Not long into the new Elton John biopic “Rocketman” — after we’ve been introduced to the polite, precocious kid born Reginald Dwight; after he’s wowed an instructor at the Royal Academy of Music; after he’s discovered rock and roll, met Bernie Taupin and found his calling — we see our hero sit down at an upright piano to write the song that would help make him one of the biggest pop acts in the world.
Elton, as he’s calling himself by this point, has an unfamiliar lyric sheet before him; he peers down at it, readying us for an instance of the intense creative struggle we’re accustomed to encountering in this kind of movie.
Yet the struggle never happens.
Elton, dressed in a bathrobe, lays his fingers on the keys, and “Your Song” just pours out, as readily as the booze from the many bottles we’ll soon see him clutching.
In its witty depiction of a rock artiste blessed with the melodic gifts and song-factory motor of a Tin Pan Alley composer, the scene gets at some of what set Elton John apart from the very beginning. And it’s part of a movie that feels similarly exceptional. Titled, of course, after John’s classic early-’70s hit about an astronaut “burning out his fuse up here alone,” “Rocketman” does what the vast majority of music biopics — including the most commercially successful of all time, last year’s “Bohemian Rhapsody” — do not: It dramatizes the life of an artist in a fashion that artist might recognize.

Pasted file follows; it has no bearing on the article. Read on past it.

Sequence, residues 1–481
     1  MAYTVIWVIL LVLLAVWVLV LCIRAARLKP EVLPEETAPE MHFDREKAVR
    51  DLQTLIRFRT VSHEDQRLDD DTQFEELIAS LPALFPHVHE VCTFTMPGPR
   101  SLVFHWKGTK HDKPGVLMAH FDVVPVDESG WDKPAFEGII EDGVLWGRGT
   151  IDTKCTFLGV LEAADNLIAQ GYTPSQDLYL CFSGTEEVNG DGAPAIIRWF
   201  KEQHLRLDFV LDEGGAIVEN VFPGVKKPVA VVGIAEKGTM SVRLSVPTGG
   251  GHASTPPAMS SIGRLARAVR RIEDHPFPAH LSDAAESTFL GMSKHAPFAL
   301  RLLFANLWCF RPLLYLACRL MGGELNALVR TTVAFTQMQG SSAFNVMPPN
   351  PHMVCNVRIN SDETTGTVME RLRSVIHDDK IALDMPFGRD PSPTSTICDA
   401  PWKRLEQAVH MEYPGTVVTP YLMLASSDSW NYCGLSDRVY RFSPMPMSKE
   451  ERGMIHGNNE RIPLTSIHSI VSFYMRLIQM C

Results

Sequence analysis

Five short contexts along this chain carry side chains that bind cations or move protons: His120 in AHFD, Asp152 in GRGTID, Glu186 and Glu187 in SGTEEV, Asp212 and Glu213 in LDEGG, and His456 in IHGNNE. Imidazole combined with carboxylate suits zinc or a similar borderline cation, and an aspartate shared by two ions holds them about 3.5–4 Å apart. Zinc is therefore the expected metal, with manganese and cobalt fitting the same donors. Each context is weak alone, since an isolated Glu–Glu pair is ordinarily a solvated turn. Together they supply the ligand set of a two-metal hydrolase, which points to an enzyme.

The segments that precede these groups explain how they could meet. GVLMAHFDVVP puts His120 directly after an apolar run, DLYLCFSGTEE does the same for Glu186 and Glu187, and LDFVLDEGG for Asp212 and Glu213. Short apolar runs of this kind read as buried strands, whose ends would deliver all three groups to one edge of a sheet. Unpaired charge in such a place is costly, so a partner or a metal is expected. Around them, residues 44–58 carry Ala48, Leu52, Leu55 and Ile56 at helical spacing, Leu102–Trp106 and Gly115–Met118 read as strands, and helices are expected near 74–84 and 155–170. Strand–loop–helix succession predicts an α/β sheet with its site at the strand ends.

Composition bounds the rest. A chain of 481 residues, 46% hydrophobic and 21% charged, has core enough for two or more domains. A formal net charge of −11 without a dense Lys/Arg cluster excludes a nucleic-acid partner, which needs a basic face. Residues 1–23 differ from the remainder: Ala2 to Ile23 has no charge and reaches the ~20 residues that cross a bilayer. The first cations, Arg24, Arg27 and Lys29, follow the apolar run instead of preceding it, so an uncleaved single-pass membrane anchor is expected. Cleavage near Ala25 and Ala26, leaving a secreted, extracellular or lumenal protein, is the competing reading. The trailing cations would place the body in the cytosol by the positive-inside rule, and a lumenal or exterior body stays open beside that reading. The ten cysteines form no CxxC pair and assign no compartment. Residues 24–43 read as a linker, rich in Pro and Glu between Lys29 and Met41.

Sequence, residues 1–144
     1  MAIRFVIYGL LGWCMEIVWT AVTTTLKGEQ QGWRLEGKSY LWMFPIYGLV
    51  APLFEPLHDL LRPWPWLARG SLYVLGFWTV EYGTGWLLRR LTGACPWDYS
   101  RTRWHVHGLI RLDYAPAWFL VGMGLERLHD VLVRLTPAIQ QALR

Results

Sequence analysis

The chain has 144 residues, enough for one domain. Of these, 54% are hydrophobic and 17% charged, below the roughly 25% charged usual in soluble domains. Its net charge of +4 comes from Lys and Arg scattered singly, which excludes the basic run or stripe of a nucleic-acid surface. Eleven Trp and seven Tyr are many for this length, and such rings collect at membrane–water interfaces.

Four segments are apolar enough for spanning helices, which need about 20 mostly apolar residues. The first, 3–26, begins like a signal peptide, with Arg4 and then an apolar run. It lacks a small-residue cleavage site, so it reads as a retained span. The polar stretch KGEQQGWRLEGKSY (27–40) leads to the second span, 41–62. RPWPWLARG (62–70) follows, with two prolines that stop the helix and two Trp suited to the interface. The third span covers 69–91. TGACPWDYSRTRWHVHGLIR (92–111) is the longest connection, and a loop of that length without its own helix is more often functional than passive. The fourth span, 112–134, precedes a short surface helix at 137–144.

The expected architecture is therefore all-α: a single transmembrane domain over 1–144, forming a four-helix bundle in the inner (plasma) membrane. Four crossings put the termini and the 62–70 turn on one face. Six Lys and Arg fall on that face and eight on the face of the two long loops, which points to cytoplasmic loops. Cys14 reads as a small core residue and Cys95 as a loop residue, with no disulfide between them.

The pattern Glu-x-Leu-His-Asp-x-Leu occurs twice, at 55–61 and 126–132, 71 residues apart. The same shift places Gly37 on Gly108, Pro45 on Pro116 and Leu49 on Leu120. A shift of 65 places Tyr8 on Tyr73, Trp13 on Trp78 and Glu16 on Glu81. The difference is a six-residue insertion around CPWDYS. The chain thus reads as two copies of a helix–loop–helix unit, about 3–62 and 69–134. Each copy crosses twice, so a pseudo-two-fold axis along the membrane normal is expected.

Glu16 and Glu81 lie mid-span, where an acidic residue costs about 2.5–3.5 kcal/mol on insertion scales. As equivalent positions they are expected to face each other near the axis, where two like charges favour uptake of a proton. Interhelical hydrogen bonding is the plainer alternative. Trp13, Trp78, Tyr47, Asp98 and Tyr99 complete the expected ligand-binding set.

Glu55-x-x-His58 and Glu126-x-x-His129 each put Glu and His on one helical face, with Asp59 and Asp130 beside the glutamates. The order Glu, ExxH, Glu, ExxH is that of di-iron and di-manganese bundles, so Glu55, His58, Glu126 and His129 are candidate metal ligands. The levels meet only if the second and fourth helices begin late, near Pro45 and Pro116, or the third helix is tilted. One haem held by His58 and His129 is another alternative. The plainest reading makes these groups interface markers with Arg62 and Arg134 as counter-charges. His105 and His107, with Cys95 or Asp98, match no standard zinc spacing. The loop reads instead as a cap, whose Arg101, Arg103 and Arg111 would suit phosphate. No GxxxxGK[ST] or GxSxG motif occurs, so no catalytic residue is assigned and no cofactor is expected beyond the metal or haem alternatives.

The film has long, complicated musical sequences with shifting points of view. It has spectacular costumes. And it careens among any number of modes and genres, from weepy melodrama to broad comedy, just like John’s catalog, almost certainly the most eclectic of any superstar musician to emerge in the 1970s.
The result is an unconventional movie about an unconventional career — one that invites us, at a moment when John is on a lengthy world tour he’s calling his last, to consider everything beyond his prodigious talent that might’ve prevented this 72-year-old genius from ending up here.
For starters, there were the obstacles not of his own making: the loveless childhood in which a pop star’s crucial self-belief is all but stamped out of him; the hardly-great looks of a gap-toothed fellow balding before his time; the sexuality of a gay man in an era when even show business enforced a code of public secrecy.